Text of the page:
English as a Lingua Franca, YouTube and the Rise of the Lyrics Video

Olivia Mair*

*Corresponding author

Research output: Chapter in Book/Report/Conference proceedingChapter


Pop music has been dominated by the English language for decades, with many artists writing songs in English to reach global audiences (Crystal, 2003). Today the internet offers an easy solution for audiences seeking song lyrics and has partly led to the development of a new genre, the lyrics video. The emergence of Web 2.0 and writable web have given rise to the creation of a number of content-sharing platforms like YouTube, a dynamic space in which ordinary people become media producers (Burgess & Green, 2009). The lyrics video first emerged as amateur content, but recently mainstream artists have embraced lyrics videos, investing in their production.This paper argues that the emergence of English as a lingua franca has contributed to the rise of the lyrics video genre, and that the desire to understand song lyrics has been a motivational factor for English language learners worldwide. Although lyrics videos are individual texts with heterogeneous elements, they share common purposes and some aspects of structure, style, content and audience, enabling their classification as ‘genre’ (Swales 1990: 58). The genre contributes to shaping discourse communities and generates EFL interactions, as seen in the comments area of YouTube.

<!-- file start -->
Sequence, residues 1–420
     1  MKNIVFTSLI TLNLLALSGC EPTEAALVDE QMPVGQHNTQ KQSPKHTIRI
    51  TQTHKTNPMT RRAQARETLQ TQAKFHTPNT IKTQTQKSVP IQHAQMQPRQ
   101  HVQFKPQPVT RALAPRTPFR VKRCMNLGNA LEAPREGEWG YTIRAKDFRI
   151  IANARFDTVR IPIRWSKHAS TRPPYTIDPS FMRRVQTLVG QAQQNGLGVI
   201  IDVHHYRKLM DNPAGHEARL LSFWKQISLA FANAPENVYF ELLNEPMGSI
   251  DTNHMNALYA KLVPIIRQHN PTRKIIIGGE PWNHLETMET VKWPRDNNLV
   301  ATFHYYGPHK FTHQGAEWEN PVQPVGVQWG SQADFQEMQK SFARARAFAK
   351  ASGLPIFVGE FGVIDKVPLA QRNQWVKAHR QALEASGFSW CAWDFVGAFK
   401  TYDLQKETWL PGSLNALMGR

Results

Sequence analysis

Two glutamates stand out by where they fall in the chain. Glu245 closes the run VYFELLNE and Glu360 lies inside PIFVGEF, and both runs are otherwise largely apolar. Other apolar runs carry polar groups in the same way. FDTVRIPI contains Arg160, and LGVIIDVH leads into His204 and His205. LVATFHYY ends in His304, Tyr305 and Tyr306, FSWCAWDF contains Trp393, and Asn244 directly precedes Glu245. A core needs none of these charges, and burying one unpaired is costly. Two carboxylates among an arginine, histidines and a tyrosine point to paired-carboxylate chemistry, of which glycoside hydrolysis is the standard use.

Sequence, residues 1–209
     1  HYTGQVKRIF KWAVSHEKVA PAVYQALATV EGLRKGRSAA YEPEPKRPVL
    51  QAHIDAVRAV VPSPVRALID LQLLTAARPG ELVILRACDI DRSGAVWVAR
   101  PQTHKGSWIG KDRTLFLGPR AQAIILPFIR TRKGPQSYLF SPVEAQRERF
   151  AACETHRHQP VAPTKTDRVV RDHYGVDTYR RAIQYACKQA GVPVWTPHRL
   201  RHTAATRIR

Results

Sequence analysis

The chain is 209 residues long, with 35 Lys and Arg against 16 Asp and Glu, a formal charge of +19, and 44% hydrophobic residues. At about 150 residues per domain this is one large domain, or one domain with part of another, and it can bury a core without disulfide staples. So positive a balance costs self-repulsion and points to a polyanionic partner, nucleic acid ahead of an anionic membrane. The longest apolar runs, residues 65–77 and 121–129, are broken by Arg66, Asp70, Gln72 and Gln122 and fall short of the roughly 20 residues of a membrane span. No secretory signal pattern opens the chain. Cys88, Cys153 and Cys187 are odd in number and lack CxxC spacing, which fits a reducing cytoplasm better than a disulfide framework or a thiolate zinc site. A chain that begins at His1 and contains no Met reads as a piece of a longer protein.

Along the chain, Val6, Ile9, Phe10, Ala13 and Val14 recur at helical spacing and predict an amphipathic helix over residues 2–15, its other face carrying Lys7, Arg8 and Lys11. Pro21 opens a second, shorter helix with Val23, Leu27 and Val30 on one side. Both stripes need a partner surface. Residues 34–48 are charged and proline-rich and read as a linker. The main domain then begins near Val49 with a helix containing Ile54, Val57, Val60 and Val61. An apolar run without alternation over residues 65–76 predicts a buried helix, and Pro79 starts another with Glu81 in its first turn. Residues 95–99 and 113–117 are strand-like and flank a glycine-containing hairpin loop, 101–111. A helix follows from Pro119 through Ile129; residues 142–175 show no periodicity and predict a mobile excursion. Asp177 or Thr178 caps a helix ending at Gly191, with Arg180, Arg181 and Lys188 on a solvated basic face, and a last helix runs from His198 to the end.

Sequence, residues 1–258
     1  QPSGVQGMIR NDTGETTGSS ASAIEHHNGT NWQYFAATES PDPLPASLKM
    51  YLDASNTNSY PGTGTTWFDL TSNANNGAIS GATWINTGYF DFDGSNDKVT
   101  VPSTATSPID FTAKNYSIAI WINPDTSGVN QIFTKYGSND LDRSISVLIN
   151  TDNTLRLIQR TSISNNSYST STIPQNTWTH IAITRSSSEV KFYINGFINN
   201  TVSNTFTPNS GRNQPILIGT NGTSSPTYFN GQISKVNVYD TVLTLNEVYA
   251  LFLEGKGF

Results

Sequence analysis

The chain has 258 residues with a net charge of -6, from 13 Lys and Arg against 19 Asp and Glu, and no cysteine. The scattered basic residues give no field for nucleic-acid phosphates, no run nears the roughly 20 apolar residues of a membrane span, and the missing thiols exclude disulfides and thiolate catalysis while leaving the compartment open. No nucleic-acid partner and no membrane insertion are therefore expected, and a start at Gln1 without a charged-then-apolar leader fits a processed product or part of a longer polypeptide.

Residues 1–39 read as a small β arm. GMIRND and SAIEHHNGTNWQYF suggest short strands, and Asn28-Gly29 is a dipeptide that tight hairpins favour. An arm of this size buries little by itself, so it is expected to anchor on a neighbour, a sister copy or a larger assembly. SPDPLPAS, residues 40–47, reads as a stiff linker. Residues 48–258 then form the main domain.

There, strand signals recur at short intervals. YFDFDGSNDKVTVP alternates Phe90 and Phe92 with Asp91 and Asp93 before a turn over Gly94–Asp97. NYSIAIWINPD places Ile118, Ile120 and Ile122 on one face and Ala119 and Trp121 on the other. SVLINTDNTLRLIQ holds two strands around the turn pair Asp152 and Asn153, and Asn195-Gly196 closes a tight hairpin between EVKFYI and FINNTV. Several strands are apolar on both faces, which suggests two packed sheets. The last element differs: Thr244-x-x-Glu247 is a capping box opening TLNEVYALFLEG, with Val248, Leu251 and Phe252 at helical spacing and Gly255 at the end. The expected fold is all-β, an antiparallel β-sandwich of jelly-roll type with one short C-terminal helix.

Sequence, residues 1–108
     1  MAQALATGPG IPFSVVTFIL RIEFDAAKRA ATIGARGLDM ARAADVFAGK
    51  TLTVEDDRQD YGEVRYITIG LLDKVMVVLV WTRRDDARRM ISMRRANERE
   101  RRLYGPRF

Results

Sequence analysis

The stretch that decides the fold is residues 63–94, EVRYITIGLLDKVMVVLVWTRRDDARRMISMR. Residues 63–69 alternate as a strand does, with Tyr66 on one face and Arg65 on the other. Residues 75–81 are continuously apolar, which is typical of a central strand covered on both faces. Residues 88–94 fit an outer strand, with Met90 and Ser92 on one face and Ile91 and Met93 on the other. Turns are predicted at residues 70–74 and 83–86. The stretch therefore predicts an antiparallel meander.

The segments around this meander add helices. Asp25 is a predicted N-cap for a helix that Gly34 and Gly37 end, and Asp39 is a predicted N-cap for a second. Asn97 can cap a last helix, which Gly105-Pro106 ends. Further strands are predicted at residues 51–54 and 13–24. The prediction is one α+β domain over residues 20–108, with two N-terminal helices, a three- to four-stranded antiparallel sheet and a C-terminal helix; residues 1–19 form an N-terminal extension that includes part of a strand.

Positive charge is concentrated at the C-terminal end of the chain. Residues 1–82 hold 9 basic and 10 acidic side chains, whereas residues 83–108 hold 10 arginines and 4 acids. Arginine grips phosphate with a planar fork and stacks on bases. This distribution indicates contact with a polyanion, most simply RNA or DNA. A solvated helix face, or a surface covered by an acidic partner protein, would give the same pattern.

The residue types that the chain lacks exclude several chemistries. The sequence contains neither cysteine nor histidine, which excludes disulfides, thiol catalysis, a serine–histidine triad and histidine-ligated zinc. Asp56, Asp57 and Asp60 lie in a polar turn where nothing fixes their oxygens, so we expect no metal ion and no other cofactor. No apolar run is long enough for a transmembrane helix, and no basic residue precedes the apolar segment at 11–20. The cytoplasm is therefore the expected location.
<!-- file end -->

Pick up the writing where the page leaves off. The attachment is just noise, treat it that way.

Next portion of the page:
Original languageEnglish
Title of host publicationBack to the Future. English from Past to Present
EditorsMaria Luisa Maggioni, Amanda C. Murphy
Number of pages34
Publication statusPublished - 2021


  • English as a Lingua Franca
  • YouTube
  • digital discourse
  • lyrics videos
  • song lyrics


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